Usually found in the sea, sponges are some of the world's simplest animals. They have no heads, eyes, tails, or mouths, and they live most of their lives rooted in one spot. Their bodies are full of tiny holes called pores through which they feed themselves by pumping water and filtering out small particles of food.
They can be soft as dough, hard like stone, or delicate as glass. Some are dull colors, while others can be beautiful oranges, yellows, purples, or blues. They come in every shape imaginable.Sponges help create habitat, filter particles from seawater, contribute to carbon, nitrogen, and silica cycling. They have also been used for bathing since ancient Egypt.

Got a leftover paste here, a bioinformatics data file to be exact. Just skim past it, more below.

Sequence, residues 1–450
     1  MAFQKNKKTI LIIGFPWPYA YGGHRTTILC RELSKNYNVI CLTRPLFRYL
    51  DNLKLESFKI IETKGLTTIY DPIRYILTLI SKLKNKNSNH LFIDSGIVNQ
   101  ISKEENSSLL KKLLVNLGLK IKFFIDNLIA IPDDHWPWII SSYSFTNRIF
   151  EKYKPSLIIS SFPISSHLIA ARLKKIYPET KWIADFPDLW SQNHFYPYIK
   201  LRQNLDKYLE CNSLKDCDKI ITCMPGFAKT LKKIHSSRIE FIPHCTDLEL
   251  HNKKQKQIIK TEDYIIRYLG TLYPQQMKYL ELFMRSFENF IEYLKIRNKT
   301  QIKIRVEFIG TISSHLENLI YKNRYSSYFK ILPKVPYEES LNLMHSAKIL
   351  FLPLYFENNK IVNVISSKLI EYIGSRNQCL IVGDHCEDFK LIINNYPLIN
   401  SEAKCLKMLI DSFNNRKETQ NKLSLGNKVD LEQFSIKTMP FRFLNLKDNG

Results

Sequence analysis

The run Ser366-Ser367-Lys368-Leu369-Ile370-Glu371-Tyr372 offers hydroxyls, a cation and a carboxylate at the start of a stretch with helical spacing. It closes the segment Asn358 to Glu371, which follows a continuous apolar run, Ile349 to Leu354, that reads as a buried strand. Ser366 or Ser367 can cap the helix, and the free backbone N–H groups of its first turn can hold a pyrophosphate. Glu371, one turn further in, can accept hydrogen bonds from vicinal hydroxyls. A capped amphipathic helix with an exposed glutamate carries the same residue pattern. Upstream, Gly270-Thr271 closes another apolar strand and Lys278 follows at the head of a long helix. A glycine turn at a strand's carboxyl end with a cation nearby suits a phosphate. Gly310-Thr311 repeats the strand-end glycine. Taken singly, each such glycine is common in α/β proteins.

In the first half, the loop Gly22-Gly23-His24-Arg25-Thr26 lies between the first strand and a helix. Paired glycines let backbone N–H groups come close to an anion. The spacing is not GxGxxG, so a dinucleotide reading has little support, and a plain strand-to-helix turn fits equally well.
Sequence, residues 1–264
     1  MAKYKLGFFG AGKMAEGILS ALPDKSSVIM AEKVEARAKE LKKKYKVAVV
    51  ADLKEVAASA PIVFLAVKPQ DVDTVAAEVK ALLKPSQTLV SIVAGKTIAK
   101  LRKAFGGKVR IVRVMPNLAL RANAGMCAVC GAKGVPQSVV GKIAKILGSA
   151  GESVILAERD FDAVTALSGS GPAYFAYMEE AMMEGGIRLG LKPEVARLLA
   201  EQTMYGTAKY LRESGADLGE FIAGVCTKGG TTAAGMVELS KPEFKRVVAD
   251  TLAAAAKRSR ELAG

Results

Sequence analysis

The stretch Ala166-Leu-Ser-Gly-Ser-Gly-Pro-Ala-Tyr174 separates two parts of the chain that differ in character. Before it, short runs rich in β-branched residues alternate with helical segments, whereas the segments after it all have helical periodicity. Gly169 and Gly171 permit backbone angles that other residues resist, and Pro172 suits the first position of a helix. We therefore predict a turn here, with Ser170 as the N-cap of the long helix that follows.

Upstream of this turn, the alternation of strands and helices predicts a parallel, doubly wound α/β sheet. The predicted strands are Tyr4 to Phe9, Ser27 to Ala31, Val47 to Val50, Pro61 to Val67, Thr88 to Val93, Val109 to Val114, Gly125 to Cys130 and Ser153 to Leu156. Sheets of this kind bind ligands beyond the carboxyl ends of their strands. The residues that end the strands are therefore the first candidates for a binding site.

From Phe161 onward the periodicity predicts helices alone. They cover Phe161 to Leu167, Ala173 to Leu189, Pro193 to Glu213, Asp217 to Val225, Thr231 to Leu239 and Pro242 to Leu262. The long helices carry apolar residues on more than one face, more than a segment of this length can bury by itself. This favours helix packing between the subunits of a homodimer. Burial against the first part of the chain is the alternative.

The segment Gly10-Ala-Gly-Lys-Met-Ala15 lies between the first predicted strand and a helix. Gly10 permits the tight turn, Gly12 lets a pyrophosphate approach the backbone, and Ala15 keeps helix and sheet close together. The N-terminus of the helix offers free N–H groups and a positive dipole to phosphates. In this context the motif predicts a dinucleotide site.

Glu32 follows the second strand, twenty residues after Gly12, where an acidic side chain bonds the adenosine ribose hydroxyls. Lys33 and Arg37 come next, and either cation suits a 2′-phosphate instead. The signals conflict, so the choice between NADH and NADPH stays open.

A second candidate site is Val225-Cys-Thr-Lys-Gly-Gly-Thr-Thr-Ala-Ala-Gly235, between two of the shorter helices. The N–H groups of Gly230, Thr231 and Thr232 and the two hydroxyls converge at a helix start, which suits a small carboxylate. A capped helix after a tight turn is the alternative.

Research expeditions such as the Exploring the Blue Economy Biotechnology Potential of Deepwater Habitats expedition, many sponges produce medically important chemicals called marine natural products, which can be used to treat human diseases. By collecting specimens, researchers can study these sponges and the compounds they produce in order to better understand these unique animals and to advance medical science for future generations.